As a web developer, I am constantly aware of the problem that every browser seems to have a mind of its own when rendering a webpage. Especially earlier versions of Internet Explorer are a big problem for a lot of developers as these browsers were not updated with new options and/or visual fixes (only security updates). As a result, most web developers want to test their creations in various versions of Internet Explorer to make sure that everyone can experience their website as intended. Earlier, I wrote an article that explained how you can run Internet Explorer 7 under Ubuntu 10.04 Lucid Lynx. However, the package provided by PlayForLinux seems to be broken now and I had to find a new way to test websites before putting them online. In this blog I will explain a new method that actually runs Windows within Ubuntu enabling developers to exactly mimic the conditions of real users. Before starting, I should note that the files required for this method are somewhat large (3x 700Mb & 1x 553Mb), so you might want to download the files first (step 1) before continuing with the rest of these steps.
1. For this method, you need to download a ‘Internet Explorer Application Compatibility VPC Image’ provided by Microsoft. You can pick any VPC image you like, but in this blog I will make use of the Windows 7 Internet Explorer 8 image which consists out of four files. You can download your image of preference directly from the Microsoft website.
2. We need two pieces of software from the Ubuntu Software Center before we continue. Open the Ubuntu Software Center and search for the package ‘VirtualBox OSE’. Install it and search for the package ‘Wine Microsoft Windows Compatibility Layer’. Also install this package before you continue.
3. We will use the WinRAR archiving tool from RARLAB to extract the images from the first step. You should download the Windows (32-bit) trial version from the RARLAB website.
4. Navigate to the directory containing your WinRAR download and select WinRAR. Now righclick on the icon and pick the option ‘Properties’ from the menu. In the new Windows make sure that the file is set to be executable (third tab ‘Permissions’, as shown below). Click ‘Close’ when you are done to close the window.
5. Now rightclick again on the icon and pick the option ‘Open with Wine Windows Program Loader’ to start the installation process of WinRAR. You can now install WinRAR by following the wizard and using the default options.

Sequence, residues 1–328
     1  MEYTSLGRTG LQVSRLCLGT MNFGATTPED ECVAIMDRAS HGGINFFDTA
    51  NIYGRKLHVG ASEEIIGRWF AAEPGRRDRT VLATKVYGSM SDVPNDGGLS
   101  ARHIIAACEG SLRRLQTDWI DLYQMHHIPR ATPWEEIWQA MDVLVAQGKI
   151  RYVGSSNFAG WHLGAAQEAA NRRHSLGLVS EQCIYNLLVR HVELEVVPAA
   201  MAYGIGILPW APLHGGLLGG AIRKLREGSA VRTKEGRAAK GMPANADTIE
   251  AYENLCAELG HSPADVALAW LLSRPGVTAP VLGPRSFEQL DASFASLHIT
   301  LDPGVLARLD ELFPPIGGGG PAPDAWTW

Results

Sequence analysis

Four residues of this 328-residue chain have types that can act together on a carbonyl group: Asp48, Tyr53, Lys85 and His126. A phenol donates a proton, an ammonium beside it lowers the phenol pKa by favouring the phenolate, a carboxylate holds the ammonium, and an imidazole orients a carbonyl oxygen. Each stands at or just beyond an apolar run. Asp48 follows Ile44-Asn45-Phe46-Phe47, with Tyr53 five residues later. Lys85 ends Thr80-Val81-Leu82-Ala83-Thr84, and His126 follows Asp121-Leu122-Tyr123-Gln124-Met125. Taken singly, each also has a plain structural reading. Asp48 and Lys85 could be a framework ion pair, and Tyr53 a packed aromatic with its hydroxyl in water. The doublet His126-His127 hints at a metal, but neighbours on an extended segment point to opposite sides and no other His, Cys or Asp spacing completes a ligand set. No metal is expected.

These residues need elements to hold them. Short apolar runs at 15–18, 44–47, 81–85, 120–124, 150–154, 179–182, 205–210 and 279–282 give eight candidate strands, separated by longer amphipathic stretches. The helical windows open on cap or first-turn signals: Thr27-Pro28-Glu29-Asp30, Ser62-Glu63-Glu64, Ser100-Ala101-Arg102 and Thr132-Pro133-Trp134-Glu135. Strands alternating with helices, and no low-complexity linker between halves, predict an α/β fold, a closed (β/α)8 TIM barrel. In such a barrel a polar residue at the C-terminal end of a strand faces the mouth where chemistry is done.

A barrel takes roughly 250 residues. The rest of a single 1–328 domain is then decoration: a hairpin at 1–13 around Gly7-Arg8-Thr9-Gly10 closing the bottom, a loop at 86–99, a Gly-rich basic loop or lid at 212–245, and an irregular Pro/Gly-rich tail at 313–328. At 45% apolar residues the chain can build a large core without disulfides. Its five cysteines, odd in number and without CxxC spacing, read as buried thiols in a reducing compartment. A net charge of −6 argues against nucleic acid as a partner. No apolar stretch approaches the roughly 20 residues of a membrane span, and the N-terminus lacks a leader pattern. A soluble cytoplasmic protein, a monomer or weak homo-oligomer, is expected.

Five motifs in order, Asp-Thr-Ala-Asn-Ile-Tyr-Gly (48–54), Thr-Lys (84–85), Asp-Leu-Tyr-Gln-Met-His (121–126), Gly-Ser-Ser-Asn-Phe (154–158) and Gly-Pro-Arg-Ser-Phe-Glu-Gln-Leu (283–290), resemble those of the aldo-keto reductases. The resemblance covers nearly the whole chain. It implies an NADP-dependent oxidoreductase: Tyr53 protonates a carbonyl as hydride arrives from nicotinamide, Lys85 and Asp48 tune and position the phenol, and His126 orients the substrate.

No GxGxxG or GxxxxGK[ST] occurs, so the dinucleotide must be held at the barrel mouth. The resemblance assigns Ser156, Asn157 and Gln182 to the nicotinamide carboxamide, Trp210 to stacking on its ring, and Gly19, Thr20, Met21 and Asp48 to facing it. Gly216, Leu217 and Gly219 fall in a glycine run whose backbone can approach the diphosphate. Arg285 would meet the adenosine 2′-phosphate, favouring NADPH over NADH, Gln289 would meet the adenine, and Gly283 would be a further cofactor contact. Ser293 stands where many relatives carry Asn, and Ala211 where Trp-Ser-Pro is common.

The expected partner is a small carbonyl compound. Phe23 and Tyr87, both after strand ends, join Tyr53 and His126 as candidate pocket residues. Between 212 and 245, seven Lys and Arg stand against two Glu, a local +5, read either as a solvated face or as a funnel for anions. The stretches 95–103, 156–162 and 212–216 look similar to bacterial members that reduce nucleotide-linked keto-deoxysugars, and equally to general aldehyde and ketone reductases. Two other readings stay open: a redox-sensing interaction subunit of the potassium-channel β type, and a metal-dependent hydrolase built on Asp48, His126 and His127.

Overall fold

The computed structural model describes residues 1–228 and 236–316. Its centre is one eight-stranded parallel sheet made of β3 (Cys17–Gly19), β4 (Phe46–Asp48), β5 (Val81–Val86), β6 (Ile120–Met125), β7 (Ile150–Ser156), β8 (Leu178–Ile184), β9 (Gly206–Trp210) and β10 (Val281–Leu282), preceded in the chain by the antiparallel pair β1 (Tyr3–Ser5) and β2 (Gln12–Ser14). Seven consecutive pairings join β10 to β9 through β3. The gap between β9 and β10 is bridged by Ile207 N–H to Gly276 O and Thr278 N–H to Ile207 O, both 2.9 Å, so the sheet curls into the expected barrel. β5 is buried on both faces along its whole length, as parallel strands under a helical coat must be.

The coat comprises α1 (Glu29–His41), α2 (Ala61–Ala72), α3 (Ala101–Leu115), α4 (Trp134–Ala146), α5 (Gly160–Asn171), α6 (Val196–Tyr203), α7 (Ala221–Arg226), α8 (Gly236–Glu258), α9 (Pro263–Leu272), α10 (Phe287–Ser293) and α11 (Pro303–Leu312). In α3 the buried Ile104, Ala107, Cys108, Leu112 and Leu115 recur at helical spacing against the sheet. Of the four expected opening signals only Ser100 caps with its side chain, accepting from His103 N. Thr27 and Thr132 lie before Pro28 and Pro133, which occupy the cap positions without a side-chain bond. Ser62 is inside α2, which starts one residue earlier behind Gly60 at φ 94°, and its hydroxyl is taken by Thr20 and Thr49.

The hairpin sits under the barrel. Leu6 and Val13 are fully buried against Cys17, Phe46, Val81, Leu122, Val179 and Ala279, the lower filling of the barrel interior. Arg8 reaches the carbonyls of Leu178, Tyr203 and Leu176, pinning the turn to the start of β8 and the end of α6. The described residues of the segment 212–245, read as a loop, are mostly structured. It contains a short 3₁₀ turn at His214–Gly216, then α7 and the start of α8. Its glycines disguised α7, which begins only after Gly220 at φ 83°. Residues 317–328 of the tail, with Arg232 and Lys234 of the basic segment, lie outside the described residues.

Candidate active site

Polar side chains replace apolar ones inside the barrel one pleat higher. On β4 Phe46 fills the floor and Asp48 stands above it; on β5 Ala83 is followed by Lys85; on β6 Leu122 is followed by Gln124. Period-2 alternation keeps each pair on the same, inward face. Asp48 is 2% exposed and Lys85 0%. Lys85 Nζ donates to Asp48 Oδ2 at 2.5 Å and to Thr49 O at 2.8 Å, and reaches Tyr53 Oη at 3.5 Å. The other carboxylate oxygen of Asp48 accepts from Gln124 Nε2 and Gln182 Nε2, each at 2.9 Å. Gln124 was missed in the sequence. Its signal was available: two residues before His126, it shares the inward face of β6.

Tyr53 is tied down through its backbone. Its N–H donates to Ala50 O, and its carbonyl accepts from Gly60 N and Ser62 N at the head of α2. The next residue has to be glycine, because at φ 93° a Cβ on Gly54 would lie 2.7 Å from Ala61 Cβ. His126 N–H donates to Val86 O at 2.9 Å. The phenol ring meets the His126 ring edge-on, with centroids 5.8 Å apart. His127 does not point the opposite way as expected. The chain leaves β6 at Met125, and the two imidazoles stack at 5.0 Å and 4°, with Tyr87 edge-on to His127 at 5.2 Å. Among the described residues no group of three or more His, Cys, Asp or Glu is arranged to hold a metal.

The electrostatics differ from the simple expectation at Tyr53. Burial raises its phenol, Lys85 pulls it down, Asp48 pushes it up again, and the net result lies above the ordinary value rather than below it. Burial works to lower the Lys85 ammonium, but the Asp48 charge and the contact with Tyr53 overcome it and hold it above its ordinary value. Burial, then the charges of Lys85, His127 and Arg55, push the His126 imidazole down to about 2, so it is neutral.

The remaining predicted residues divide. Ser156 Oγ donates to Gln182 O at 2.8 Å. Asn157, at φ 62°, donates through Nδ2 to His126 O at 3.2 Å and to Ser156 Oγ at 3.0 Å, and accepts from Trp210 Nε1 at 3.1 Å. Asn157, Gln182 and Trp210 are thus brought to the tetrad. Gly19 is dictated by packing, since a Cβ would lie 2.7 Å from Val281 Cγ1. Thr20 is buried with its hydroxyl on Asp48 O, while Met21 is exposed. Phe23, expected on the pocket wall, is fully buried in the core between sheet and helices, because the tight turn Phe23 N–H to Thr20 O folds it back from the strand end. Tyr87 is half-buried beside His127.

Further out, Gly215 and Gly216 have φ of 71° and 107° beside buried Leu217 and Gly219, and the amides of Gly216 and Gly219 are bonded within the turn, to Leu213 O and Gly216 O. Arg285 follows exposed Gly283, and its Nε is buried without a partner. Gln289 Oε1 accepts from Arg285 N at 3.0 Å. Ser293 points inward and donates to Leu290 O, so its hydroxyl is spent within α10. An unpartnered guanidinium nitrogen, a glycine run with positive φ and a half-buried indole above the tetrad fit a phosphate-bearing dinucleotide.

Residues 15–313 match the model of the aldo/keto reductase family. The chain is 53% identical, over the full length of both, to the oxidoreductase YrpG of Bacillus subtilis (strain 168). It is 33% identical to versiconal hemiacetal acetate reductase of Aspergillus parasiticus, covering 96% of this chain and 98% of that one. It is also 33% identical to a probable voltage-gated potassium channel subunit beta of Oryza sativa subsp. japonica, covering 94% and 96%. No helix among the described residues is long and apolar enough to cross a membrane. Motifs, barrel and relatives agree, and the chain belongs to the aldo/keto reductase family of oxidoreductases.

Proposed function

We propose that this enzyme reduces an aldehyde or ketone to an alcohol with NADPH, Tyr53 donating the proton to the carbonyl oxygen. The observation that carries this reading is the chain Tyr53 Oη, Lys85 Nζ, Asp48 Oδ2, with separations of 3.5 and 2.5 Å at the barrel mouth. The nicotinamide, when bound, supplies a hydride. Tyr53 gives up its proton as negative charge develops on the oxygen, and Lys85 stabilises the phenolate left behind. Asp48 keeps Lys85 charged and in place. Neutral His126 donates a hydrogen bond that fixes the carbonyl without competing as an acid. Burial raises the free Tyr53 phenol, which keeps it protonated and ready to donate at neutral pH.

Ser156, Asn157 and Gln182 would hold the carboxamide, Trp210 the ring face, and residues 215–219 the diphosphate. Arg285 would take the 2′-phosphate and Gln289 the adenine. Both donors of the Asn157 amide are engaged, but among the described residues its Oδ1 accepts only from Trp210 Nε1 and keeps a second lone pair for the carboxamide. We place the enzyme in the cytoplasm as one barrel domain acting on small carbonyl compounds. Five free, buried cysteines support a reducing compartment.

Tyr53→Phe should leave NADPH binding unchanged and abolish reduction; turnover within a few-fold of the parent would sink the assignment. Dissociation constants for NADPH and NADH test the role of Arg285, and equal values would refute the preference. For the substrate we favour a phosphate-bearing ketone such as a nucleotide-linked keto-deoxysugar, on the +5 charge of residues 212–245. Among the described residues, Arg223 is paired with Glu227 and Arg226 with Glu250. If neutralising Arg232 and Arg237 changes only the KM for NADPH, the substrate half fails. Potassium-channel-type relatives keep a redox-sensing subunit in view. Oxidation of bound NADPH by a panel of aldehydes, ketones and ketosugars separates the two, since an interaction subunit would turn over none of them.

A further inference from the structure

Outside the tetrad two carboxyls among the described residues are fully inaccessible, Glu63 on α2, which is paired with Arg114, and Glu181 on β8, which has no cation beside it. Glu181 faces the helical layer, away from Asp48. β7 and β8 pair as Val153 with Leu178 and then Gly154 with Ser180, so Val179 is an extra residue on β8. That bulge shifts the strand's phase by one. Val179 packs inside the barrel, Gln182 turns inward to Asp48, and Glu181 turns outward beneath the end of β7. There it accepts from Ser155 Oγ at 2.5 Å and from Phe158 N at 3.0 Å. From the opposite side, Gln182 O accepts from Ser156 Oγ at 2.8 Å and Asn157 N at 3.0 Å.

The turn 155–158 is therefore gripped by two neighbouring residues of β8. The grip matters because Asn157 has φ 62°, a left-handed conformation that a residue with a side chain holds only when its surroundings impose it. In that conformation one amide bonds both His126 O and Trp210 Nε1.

5. After installation, you can start WinRAR as a normal program. Once started, click ‘File -> Open archive’ (Ctrl + O) and select one of the image files you downloaded in first step (note that one of the downloaded files will not show up; this is expected behavior from WinRAR). Click ‘Ok’ to open the archive in WinRAR.
8. Click ‘Next’ in the wizard to continue to the second page. On the new page you can give your test environment a name and you have to select the type of environment that you want to set up (this of course depends on your image of choice from the first step). Afterwards, click ‘Next’ to continue.
9. The third page allows you to allocate working memory (or RAM) to your environment. I usually allocate 1024Mb of RAM to my test environment as this allows me to run more programs in it and I have enough spare memory to continue my normal work while my test environment is active (NOTE: it is recommend to not dedicate more than half your total working memory to an environment). After you have allocated your working memory, click ‘Next’ to continue.
10. The next page allows you to either create a new empty environment or create an environment using an existing image. Select the second option which will enable you to select your downloaded VPC image. After you have selected your image you can click ‘Next’ to review your choices. Finally, click ‘Finish’ to create your new test environment.
11. Your new environment is now almost ready for you to use! However, due to a configuration ‘error’ made by VirtualBox your environment needs one more change in order to work. In the VirtualBox window select your new environment (left click on it) and click the button ‘Settings’. A new window should appear that looks like the one shown below.
12. Navigate to your Storage devices in the list on the left. You should now see a screen similar to the first screenshot below. Select the ‘SATA Controller’ and hit your [Delete]-key to remove this item from the list. Now click on the small ‘Add Hard Disk’-icon next to the ‘IDE Controller’ (it’s the second icon) and add your hard disk again like you have done in step 10. The final result should look like the second screenshot below.
12. Click ‘Ok’ to close the ‘Settings’-window. Your new environment is now ready to be used for the first time! Select it (left click) and click the ‘Run’-button to start up your Windows test environment with Internet Explorer.
Your test environment will have ‘Password1’ as a default password for all accounts available. If you use the administrator account, you can temporarily ‘activate’ your test environment for 30 days using the command
slmgr –rearm. More information on this is also available on the Microsoft website.